A few months ago, when Mayank Agarwal was dismantling one domestic milestone after another and yet not being reciprocated with national recognition, a concerned former Karnataka teammate, who’d known him since he was a teenager, rung him: “Mayank, if you feel dejected, please feel free to call me whenever you want.” Agarwal laughed his gut out and replied: “Sir, it’s the most peaceful phase of my career. I have no worries, no concerns, I’m batting blissfully. Thank you”
The teammate was concerned because Agarwal in the past had struggled to handle setbacks. There were people around to lean on, from contemporaries like KL Rahul and Karun Nair, to seniors like R Vinay Kumar and Robin Uthappa, expert coaches like J Arun Kumar and RX Murali. But he seemed torn and confused.
But before the distressed Agarwal, there was the uninhibited, ever-smiling six-hitting wunderkind, who terrorised bowlers. The approach wasn’t safe. His methods made eyes boggle but he soon realised the approach wouldn’t take him anywhere. He tried to change, yet could not. His instincts and muscle memory were too overpowering. This resulting in utter indecisiveness. His Indian Premier League stakes seldom plummeted, but his ambitions were steeper and the inability to achieve those shattered his world.
It was around the same time that his close friend Rahul made his Test debut. Though he was happy for his friend, he pitied his own plight, his career nosediving from the dizzy heights it had once promised. A reality check helped — he realised it’s time he put his head down and iron out the technical deficiencies. There were quite a few, from a wobbly head to an unstable base, an intricate shuffle and a tendency to lunge from the crease. There were temperamental vulnerabilities too, like getting distracted all too easily.
Re-instilling lost confidence
But before it became a bigger malaise, his friend and coaches chimed in. Former Karnataka coach J Arun Kumar realised that it was about re-instilling his lost confidence, his mentor Murali chalked out a technical makeover, and his friends kept him cheery. What followed was a remarkable tale of transformation. Explains Murali: “I told him that the only way to relive his dreams is to work hard and be patient. He was always a hardworking boy, but needed to work harder. And once the technical corrections were made and he internalised those, it was a matter of getting practice. I also told him that he needed to be patient, for such changes can’t bear fruits immediately.”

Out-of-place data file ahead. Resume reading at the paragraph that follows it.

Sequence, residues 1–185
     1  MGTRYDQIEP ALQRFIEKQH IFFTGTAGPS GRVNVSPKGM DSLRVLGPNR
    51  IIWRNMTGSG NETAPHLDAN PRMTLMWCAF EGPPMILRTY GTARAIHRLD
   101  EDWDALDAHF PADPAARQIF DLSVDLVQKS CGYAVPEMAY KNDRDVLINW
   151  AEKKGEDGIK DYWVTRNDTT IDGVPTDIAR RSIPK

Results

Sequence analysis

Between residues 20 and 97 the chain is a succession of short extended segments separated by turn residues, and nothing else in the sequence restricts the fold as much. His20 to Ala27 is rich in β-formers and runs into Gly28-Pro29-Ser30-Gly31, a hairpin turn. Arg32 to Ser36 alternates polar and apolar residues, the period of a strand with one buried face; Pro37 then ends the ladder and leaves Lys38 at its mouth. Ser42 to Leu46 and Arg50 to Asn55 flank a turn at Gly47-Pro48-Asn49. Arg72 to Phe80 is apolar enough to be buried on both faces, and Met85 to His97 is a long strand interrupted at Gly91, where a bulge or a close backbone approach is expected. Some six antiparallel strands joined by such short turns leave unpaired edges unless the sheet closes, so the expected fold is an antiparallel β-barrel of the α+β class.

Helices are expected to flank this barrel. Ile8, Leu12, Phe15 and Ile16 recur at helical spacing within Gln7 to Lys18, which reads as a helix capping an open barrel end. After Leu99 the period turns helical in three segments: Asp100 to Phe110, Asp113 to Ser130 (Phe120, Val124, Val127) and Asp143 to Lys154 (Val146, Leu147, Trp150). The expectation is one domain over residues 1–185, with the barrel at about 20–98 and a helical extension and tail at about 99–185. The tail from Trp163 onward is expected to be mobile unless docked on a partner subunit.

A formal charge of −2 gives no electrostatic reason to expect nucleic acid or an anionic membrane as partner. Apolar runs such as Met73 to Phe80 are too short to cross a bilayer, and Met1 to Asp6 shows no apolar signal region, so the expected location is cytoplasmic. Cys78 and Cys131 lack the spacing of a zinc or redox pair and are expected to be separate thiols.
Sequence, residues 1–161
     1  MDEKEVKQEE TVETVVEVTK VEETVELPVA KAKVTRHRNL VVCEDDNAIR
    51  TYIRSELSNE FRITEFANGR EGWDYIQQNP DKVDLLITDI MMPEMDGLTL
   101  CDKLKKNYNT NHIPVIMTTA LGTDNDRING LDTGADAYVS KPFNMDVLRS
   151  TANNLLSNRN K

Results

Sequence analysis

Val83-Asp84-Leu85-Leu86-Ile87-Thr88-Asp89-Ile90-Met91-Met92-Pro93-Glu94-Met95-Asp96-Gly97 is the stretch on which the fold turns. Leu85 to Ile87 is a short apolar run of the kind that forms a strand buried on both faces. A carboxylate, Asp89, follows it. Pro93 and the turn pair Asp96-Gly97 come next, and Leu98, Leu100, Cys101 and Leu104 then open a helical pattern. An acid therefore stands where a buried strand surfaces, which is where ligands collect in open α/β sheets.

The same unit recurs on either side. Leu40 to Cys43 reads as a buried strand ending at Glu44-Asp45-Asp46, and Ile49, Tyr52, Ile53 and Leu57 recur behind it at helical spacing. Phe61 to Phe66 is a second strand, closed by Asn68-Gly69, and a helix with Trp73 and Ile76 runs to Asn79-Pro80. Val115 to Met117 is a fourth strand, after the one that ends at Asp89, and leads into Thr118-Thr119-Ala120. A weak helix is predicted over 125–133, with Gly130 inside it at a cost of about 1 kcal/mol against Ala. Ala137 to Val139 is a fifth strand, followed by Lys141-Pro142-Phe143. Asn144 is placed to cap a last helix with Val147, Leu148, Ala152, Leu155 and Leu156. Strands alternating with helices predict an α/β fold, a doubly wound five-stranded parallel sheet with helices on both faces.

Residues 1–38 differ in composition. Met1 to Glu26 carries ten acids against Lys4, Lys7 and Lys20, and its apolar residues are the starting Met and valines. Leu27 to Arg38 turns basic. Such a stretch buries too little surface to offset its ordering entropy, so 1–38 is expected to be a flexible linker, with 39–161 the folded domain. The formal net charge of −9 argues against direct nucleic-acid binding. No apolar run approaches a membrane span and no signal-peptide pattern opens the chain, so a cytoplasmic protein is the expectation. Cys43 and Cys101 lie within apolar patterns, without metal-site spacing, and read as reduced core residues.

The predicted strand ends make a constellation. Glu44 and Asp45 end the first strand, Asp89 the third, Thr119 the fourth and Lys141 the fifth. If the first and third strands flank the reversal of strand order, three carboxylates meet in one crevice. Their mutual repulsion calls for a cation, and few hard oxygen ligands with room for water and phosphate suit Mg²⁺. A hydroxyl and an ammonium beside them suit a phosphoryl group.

He would stutter and stumble, but would pick his game again. Flaws again crept into his game but he kept working at those. Gradually, he tamed his inner fears to such an extent that nothing affected him, neither pressure of expectations nor emotions. He did admit to getting emotional before he walked into the middle on his Test debut, but did well to conceal those feelings, apart from an impetuous attempt to drive at a wide delivery from Mitchell Starc. But there were few other hassles — even the ball he got struck on chest by was down to uneven bounce more than misjudgement.
It presents an ideal opportunity to dwell on his technique. While the bat-held-over-head pose concedes an impression that he could get into unnecessary tangles, it comes down in a sweet, straight arc. Slacking the shuffle has made his movements easier, making him less susceptible to the incoming deliveries. His front-foot stride is long and certain — he effortlessly stepped down to Nathan Lyon and smeared him for a six over long-on. There are no half-prods — he’s either fully back or forward — indicative of an uncluttered mind.
What stood out as much as technical sturdiness was clarity of mind. Whereas in the past he would have been carried away and looked to assert himself on bowlers, and in the process perish, here he was measured, methodical and precise. Impatience had been his nemesis in the past, but patience now comes naturally to him. Not just when batting, but also in his quest for playing international cricket. At the peak of his run-glut, it would have been convenient for him to get affected by all the talk of him being treated harshly, overlooked for a dashing young opener in the West Indies Test series, friends and acquaintances wondering whether his nerves might creak.
But he remained unflustered, continued stacking runs, waited for his opportunity, which seemed remote as recent as the start of this series, but when it arrived, he maximised it. He understands the purpose of it. “Every player has to go through scoring runs in Ranji Trophy and doing what he has to do. I did that and I am very happy about that. And I learnt a lot as well. When you play Ranji Trophy for five years and play in all parts of India, you learn a lot from that. You face different situations, and it’s always a great learning.”
In a sense, he was lucky that his tryst with Test cricket came on a more Asian than antipodean surface — without the characteristic bounce, pace and carry. Not like Johannesburg or Nottingham, which could have been a crucible. He admitted as much: “I won’t complain about the pitch. I thought it was good to bat on. It did do a bit early on, and it was slow. And as the day progressed and when we batted after lunch, it got a little quicker,” he observes. But even if it were tackier, Mayank seemed ready for anything.